Ricardo Ruiz de la Serna
LIABILITY OF THE EU MEMBER STATES FOR LAWS
OR LEGAL OMMISSIONS CONTRAVENING
TO THE EU LAW
Abstract: The liability of the Lawmaking State for contravening EU Law can result not only from the direct lawmaking
action of the State, but also from the application made by Judges and Courts of the member State of the internal legislation,
making an interpretation of the said legislation which contravenes EU Law.
Key words: EU Law, liability of the Administration, direct effect, precedence of EU Law
Relations between E.U. Law and the E.U. member States internal laws are basically governed by the direct
effect and precedence principles.
However, it is worth emphasizing that some authors such as BOULOUIS , from the point of view of the
functions assigned to E.U. Law, talk about substitution, harmonization, co-ordination and co-existence relations.
DIRECT-EFFECT AND PRECEDENCE PRINCIPLES
1. Direct effect of E.U. Law.
Unlike as for International Law stricto sensu, E.U. Laws are not only aimed at States, but also citizens, even
for provisions involving the member State's internal Law, and this is what we call direct effect of E.U. rules, which
even affects judgements from the Court of Justice, which even dispenses with their publication in the Spanish
Official Gazette (Boletín Oficial del Estado).
Thus, the direct effect, and according to "Van Gend-Loos" judgements, dated 5th of February of 1963 , and
"Simmenthal", dated 9th of March of 1978 , has the following consequences:
- E.U. rules do not need to be incorporated or translated into rules of internal Law, but they become directly
applicable since promulgated in the “Official Journal of the European Union”.
- E.U. rules are a direct source of laws and obligations for all those involved, whether member States or
individuals, which are a part of the legal relations resulting from E.U. Law.
Lawyer, CEO RUIZ DE LA SERNA ABOGADOS SLP, Madrid (Spain). Member of the International Bar Association and
Associate Member of the American Bar Association. Can be contacted at email@example.com
BOULOUIS, J.: Droit institutionnel du l´Union Européenne. Montchrestien. París, 1998, p. 209.
- E.U. rules can be directly invoked by individuals before the member States’ jurisdictional bodies, which are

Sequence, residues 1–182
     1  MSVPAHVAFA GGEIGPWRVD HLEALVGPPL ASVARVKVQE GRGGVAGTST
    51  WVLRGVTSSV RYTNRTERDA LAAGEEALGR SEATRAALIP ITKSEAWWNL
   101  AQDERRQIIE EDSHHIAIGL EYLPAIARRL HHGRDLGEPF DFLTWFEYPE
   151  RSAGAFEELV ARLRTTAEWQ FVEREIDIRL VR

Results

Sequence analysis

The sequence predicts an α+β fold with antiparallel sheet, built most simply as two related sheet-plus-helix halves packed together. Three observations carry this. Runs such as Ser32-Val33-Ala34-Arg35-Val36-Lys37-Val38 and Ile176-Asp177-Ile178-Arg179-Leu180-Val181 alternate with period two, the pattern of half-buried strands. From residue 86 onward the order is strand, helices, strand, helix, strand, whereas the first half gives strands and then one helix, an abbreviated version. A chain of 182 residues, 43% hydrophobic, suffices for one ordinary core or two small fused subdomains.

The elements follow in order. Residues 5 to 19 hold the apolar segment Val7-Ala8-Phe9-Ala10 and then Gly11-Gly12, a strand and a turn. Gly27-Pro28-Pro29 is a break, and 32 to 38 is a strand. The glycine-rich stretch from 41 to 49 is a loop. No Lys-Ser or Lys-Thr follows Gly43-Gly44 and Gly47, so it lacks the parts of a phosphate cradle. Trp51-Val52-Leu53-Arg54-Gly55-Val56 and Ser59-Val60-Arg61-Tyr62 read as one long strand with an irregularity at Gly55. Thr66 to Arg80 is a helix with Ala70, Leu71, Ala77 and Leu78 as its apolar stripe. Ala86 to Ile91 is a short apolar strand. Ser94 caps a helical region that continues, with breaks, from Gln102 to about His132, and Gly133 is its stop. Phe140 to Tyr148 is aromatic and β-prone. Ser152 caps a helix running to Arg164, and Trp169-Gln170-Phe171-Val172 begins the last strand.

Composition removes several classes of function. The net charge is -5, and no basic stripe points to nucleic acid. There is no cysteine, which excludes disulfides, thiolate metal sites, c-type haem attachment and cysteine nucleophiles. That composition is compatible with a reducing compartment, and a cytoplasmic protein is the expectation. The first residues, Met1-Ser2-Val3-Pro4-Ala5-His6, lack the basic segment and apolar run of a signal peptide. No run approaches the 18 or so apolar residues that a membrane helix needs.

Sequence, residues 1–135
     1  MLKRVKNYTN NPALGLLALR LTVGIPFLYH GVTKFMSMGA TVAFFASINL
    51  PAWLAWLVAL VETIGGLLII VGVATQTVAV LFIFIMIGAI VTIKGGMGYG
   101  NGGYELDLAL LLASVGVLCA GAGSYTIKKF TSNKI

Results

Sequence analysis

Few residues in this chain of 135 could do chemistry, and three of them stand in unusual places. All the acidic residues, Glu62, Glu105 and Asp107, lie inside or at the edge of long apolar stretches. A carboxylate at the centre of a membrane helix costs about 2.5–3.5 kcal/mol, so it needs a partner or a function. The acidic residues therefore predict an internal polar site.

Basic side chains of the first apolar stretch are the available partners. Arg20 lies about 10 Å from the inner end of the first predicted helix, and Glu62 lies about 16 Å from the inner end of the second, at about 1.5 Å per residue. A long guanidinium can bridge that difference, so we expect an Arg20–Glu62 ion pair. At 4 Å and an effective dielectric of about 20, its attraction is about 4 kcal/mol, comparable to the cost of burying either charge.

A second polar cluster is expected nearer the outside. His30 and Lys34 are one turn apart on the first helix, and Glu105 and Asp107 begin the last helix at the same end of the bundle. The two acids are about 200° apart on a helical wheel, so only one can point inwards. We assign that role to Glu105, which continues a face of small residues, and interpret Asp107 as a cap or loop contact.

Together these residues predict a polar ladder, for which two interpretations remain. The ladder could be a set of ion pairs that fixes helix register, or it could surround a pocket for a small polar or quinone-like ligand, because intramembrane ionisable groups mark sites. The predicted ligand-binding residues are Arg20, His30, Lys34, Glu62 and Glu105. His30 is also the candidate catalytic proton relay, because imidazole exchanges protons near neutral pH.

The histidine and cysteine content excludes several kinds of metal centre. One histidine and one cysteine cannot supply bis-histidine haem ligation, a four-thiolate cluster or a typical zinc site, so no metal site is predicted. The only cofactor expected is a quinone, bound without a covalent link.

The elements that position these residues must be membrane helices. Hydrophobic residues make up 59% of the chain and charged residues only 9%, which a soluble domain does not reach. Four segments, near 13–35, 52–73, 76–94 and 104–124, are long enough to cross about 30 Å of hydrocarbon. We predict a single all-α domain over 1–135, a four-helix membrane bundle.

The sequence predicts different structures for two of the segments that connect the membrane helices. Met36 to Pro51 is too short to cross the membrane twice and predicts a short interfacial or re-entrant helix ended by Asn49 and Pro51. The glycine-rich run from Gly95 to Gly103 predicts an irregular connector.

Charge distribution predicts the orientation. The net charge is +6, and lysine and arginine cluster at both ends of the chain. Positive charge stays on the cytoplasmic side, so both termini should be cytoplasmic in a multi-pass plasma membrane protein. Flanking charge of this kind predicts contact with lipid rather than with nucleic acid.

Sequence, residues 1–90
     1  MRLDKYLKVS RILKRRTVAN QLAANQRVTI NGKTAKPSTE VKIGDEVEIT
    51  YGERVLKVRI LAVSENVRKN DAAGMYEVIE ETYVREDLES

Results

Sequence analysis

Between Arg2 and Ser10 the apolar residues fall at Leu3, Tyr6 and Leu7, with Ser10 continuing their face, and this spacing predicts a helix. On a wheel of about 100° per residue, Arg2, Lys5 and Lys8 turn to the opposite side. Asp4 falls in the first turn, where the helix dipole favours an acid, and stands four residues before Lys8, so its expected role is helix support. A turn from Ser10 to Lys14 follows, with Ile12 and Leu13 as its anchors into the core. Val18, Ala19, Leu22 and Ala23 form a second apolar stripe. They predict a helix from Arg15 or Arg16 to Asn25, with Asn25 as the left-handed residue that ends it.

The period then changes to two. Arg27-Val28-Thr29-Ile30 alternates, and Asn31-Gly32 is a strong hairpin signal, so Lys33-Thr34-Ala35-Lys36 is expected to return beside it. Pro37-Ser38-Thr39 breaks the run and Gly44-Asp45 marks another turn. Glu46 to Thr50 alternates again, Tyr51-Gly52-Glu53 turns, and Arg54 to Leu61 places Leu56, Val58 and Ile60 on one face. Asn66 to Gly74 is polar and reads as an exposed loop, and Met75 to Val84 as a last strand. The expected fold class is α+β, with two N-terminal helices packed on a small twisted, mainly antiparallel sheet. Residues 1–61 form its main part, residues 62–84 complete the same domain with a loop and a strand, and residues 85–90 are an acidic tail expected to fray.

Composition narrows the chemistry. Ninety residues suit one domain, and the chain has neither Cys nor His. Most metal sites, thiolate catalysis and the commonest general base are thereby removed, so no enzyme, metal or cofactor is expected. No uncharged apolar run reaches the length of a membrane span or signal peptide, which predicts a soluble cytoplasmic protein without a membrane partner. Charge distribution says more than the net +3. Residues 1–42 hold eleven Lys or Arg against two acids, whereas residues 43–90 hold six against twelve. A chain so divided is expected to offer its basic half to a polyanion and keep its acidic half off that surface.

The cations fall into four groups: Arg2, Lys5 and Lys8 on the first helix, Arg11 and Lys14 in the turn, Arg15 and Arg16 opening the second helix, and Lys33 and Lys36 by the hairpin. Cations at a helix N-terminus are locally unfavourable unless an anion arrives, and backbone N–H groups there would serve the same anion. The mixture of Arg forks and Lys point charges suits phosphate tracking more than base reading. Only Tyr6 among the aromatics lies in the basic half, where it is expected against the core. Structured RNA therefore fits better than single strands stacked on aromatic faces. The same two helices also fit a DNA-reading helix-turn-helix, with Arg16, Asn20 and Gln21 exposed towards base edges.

obliged to apply them.
It is necessary to mention that, for the Court of Justice, the direct effect of the rules of Treaties is not only vertical
(application of relations between individuals and the Public Administration), but also horizontal (application of relations
between individuals or between entities). These judgements refer to the horizontal effect: “Walrave Union Cycliste
Internationale”, dated 12 of December of 1974, on the free movement of workers (art. 48, E.E.C. Treaty); “Bosch”,
dated 6 of April of 1962, on the restrictive practices of the competition (art. 85); "Defrenne", dated 8th of April of 1976,
on the non-discrimination of retributions based on gender (art. 119), etc.
E.U. regulations (“Ratti” judgement dated 5th of April of 1979 ) also have a direct effect (vertical and
horizontal). The Court of Justice has stated that, generally, regulations prevail over internal provisions and practices
(Judgement dated 8th of February of 1973 ), including the constitutional rules of member States (Judgement
“Leonesio”, 17 of May of 1972 ). Regulations requiring complementary rules in order to precise the scope of the
laws on the individuals referred to by the said regulations, do not have a direct effect.
Directives do not have, in principle, a direct effect, given that they are equivalent to Basic Laws and they need to
be developed by member States. However, the judgement “Sace”, dated 17 of December of 1970 , acknowledged the
direct effect of a directive issued in pursuance of art. 12.2 of the T.C.E., and later the Court established that they acquire a
direct effect if they meet the regulatory requirements.
2. Precedence of E.U. Law.
The precedence of E.U. Law is a natural consequence of the European Union’s conception and purpose
themselves, which, in fact, lie in the progressive absorption of competences that are originally linked to the
sovereignty of each member State and that is predictable no only as regards E.U. Treaties, which are set up, as we
have implied, in the primary original Law, but also as regards the rules adapted for their application in which we
have called secondary law, involving, concerning internal Law, every rule of any rank whatsoever, and